GOP lawmaker convicted of lying to the FBI is broke and facing prison

GOP lawmaker convicted of lying to the FBI is broke and facing prison
The Right Wing

Former Rep. Jeff Fortenberry (R-NE), who resigned March 31 after being convicted of lying to the FBI about and falsifying campaign finance documents, had to sell his campaign vehicle to raise cash in a hurry to pay his legal bills.

The Daily Beast is reporting that and other details from the former representative's recently filed campaign disclosure form. Fortenberry personally paid $13,500 for his own campaign vehicle the day of his conviction, and he also took out a home loan and burned through hundred of thousands of dollars of donors' money as his legal defense costs climbed to almost $1 million in just the first three months of 2022.

"Had Fortenberry not taken personal steps" The Daily Beast writes, "those expenses would have busted the campaign before bills came due at the end of March, coincidentally just days after a Los Angeles jury convicted him of lying to the FBI about illegal campaign contributions."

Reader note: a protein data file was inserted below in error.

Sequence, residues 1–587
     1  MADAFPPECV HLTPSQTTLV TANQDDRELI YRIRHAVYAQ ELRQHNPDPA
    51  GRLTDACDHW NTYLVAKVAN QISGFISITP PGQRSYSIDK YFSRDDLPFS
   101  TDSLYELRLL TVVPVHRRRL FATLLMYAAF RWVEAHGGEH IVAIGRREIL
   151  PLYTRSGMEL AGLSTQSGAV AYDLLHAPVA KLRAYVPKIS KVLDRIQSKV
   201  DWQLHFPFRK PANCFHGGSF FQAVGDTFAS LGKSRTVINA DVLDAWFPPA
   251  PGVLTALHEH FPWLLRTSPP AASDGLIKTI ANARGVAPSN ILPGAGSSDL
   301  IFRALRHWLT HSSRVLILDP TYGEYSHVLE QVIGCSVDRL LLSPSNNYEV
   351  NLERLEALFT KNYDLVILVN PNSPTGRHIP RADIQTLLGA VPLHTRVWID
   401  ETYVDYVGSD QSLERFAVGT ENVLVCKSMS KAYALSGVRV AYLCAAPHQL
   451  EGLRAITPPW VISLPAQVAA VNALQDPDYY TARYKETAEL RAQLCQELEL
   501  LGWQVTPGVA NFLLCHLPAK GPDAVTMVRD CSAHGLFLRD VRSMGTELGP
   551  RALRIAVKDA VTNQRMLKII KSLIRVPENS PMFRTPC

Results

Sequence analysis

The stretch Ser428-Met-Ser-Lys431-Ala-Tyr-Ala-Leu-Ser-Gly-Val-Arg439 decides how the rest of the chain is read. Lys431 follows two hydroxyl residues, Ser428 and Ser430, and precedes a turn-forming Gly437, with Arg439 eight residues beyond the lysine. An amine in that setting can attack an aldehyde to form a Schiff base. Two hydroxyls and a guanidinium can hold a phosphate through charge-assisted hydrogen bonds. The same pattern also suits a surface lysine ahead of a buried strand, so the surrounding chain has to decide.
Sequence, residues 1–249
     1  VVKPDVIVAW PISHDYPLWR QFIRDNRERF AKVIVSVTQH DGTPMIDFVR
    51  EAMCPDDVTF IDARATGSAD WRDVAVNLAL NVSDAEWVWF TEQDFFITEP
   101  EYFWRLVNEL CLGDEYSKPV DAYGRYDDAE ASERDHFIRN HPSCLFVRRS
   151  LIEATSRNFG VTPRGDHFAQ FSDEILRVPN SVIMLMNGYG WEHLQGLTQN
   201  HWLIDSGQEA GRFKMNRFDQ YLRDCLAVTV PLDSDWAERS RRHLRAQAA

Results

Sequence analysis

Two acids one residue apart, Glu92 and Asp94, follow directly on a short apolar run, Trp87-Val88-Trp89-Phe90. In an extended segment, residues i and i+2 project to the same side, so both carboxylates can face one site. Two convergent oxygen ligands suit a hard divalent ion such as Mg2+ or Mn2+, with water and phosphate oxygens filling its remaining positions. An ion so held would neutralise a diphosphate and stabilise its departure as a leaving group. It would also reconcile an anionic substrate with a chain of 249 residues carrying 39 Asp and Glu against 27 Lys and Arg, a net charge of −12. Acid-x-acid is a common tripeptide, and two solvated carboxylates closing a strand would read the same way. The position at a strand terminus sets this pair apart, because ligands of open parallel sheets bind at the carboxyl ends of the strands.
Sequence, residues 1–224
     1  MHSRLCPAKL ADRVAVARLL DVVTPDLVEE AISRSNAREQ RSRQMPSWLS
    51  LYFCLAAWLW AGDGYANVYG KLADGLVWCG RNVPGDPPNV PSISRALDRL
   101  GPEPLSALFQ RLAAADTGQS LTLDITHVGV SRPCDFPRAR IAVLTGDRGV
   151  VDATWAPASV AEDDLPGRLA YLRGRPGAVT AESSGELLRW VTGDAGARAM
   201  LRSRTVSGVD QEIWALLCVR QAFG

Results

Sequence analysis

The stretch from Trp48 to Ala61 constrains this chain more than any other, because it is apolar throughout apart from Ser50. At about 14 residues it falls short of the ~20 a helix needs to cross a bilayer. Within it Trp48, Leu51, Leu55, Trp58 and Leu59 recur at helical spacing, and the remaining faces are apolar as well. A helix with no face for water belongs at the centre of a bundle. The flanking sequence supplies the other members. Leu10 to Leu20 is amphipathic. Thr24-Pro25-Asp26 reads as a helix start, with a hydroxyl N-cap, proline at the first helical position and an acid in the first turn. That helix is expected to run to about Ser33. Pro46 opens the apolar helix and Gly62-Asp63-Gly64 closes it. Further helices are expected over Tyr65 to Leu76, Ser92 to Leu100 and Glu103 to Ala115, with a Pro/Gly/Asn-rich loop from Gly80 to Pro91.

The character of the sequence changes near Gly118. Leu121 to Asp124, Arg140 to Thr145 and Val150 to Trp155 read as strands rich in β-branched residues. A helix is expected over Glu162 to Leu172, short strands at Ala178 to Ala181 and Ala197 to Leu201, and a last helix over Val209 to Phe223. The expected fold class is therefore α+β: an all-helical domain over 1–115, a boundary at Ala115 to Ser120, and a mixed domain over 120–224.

The campaign started the year with about $895,000 on hand. In addition to the legal fees $600,000 in legal fees he racked up, Fortenberry also spent $250,000 for a public relations campaign and an additional $30,000 for communications consulting. And his financial woes were exacerbated with $13,600 in investment losses, according to his disclosure form.

That didn't prevent Fortenberry from dipping into the campaign bank account to pay for travel and meal expenses for himself and his family during the trial, including $1,000 at a DoubleTree hotel and $690 at the LAX Westin. He also used donor funds to cover travel costs for chief of staff Andrew Braner, one of his own witnesses at trial. He was reimbursed $875 for transportation and lodging.

On March 24, after meeting for just two hours, a jury convicted Fortenberry on all three counts, two for lying to the FBI and one for attempting to falsify or conceal evidence. His sentencing is scheduled for June 28. He plans to appeal. Each of the three counts carries a maximum of five years in prison.

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